Supervisors Tentatively OK Law Banning Bias Against AIDS Victims
A divided Board of Supervisors tentatively approved an ordinance Tuesday that would bar employers, landlords, schools and businesses in unincorporated areas of Los Angeles County from discriminating against AIDS victims and those suspected of having the disease.
The supervisors adopted on a 3-2 vote a sweeping anti-discrimination law that makes it illegal to exclude from jobs and promotions AIDS victims, people with the AIDS virus and those an employer suspects might be infected.
It also prohibits denial of housing or consumer services to the same people.
The ordinance will be back before the board next week for a final vote.
‘Another 3-2 Vote’
Supervisor Deane Dana, who in recent years has often split with conservative colleagues Pete Schabarum and Mike Antonovich on health issues, provided the deciding vote Tuesday.
“Another 3-2 vote,” Dana aide Michael Pohndorff said, “but we got it.”
Antonovich argued against the ordinance, saying it duplicates state and federal anti-discrimination laws and would cost thousands of dollars a year to enforce. He recommended that the money be spent on hospices for victims of acquired immune deficiency syndrome and that the county refer discrimination cases to an existing mediation board.
Rand Schrader, vice chairman of the county Commission on AIDS, which recommended approval of the ordinance, acknowledged that existing law prohibits discrimination against AIDS victims. However, he said, the President’s Commission on AIDS has concluded that existing anti-discrimination laws are often ineffective and slow to be enforced.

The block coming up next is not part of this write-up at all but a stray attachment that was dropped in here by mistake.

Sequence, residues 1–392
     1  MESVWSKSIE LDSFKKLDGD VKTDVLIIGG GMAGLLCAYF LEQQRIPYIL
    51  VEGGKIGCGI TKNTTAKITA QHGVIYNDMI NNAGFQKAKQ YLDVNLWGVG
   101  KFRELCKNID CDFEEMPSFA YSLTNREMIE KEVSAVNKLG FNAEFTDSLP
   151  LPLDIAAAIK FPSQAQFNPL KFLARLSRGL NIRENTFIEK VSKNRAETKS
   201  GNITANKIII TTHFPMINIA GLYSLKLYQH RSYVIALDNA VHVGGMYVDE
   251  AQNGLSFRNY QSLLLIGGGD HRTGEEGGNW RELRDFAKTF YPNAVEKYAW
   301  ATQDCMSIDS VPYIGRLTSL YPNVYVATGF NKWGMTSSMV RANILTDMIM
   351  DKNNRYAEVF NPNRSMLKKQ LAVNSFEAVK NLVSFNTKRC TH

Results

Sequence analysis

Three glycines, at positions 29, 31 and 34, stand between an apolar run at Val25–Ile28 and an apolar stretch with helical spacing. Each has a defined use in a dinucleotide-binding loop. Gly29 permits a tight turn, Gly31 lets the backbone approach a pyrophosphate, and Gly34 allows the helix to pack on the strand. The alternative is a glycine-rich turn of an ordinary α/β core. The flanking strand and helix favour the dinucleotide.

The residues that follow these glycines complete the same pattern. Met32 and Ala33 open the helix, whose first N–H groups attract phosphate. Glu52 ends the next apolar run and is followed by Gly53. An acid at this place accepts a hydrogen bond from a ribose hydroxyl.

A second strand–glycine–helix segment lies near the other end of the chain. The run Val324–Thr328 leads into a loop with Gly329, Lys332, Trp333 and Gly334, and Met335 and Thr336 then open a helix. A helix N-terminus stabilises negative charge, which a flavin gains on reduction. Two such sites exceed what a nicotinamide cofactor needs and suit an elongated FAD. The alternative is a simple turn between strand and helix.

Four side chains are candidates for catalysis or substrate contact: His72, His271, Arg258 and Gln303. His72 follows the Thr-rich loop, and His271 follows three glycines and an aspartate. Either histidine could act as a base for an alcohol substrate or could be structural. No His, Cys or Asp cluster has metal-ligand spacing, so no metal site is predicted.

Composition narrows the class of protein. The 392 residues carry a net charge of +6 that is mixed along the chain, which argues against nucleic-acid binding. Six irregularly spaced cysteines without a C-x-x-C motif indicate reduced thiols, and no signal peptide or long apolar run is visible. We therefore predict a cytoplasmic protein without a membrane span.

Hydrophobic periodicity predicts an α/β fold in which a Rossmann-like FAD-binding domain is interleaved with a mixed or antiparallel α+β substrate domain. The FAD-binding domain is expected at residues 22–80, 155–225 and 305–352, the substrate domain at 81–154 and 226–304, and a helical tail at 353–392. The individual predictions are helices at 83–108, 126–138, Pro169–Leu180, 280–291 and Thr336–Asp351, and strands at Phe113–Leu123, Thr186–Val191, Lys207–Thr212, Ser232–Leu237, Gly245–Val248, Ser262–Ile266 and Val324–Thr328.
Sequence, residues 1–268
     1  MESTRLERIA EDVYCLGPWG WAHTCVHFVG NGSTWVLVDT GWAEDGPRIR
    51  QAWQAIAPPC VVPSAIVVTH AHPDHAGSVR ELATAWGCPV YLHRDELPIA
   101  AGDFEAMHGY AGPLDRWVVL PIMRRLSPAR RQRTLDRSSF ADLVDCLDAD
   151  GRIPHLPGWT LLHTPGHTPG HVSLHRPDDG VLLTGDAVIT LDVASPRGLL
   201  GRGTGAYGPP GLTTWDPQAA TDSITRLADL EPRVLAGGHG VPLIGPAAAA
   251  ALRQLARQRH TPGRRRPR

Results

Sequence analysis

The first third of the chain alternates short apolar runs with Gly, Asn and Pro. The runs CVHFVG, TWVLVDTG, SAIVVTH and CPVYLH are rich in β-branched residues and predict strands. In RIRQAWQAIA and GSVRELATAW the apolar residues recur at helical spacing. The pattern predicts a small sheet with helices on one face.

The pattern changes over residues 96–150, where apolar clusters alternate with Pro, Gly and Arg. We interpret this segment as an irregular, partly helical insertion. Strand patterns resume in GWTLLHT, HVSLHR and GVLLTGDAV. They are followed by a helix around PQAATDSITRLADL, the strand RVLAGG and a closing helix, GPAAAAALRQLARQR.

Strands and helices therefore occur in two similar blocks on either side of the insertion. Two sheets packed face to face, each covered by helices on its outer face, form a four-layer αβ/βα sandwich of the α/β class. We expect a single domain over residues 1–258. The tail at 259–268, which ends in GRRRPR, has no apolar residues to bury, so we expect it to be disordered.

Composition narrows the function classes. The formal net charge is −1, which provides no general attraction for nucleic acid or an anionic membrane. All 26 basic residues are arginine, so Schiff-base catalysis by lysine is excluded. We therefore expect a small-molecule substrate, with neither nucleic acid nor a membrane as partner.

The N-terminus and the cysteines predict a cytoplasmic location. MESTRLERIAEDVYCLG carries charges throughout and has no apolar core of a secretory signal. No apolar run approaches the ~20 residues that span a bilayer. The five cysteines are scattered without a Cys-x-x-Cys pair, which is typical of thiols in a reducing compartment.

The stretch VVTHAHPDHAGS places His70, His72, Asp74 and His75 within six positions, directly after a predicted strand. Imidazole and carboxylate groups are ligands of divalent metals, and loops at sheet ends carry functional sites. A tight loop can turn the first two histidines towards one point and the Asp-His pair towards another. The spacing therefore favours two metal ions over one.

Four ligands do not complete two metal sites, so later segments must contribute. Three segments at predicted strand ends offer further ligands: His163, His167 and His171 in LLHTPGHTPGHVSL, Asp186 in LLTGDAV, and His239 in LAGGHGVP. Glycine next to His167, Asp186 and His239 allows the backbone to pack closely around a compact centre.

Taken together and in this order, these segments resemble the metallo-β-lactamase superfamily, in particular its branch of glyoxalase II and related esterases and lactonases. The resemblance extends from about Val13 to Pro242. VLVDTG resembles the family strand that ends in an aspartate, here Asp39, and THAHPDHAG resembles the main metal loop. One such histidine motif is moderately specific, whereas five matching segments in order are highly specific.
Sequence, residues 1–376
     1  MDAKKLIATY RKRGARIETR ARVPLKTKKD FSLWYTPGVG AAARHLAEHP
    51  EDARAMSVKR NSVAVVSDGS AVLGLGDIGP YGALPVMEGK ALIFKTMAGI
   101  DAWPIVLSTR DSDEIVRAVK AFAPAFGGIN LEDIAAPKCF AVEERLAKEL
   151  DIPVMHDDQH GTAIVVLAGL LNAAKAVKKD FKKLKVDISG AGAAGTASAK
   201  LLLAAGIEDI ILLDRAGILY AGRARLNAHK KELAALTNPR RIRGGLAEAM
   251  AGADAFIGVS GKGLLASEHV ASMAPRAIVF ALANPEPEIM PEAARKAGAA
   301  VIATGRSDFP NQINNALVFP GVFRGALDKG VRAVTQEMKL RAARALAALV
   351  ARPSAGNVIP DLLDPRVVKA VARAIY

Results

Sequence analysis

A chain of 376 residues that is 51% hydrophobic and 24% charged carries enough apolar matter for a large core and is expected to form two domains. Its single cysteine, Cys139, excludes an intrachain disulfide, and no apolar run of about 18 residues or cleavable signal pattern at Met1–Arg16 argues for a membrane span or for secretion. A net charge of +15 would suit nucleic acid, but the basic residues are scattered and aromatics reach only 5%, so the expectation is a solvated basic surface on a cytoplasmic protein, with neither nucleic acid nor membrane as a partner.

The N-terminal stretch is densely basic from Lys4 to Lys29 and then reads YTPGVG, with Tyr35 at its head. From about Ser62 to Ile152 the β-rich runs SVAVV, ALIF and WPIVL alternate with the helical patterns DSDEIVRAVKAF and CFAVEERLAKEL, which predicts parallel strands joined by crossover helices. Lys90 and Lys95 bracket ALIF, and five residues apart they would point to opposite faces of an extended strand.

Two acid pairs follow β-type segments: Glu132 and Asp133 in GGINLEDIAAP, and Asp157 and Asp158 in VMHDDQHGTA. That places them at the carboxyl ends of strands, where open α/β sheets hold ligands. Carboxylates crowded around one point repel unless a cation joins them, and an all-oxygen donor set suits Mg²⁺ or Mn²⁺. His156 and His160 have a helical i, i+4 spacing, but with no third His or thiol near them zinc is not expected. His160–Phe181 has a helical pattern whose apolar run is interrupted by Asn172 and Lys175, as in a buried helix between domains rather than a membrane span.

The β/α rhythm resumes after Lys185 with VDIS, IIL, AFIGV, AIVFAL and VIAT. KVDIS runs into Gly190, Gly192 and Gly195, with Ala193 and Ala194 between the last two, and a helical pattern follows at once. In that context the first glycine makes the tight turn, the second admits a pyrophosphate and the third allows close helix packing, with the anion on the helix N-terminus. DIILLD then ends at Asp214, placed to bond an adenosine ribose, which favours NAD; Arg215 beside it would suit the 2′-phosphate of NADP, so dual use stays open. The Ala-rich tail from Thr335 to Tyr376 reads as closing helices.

The ordinance is needed to make the county’s position “clear and unequivocal,” Schrader told the board. “It creates no harm, but it does increase the clarity” of the law.
Board Chairman Ed Edelman agreed. “It’s important for this county to make a statement and make a statement very clearly that discrimination against people with AIDS . . . is not going to be tolerated.”
Los Angeles County, the home of the second-largest concentration of AIDS victims in the country behind New York City, has trailed a number of large California cities and counties in adopting an anti-discrimination law, Edelman said.
The county ordinance is modeled after a city law in Los Angeles that was adopted in 1985.
Under the county ordinance:
- Employers are not allowed to reject job applicants because they have or are suspected of having an AIDS-related illness. Nor can they demote or fire workers for those reasons.
- Employment agencies are prohibited from refusing to refer such people for jobs. Labor unions are prohibited from excluding them from membership and training programs.
- Landlords cannot refuse housing or evict tenants because they suffer, or might suffer, from AIDS. Exempted from this restriction would be housing where an owner or lessor or any family member shares the dwelling with the tenant.
- Businesses would not be allowed to deny “goods, services, facilities, privileges, advantages and accommodations” on grounds of AIDS.
- Educational institutions could not bar admission or impose different conditions on students because of fear of AIDS.
‘Damages and Costs’
Victims of AIDS discrimination could file lawsuits or obtain injunctions. Courts would award “actual damages and costs” to victims who could prove their rights were violated, the ordinance says. The county’s Dispute Resolution Program could also be used to settle disputes.
The new ordinance is important, Schrader said, because it provides AIDS victims, many of whom are “so defeated they don’t have strength” to file lawsuits, a quick method of resolving their complaints.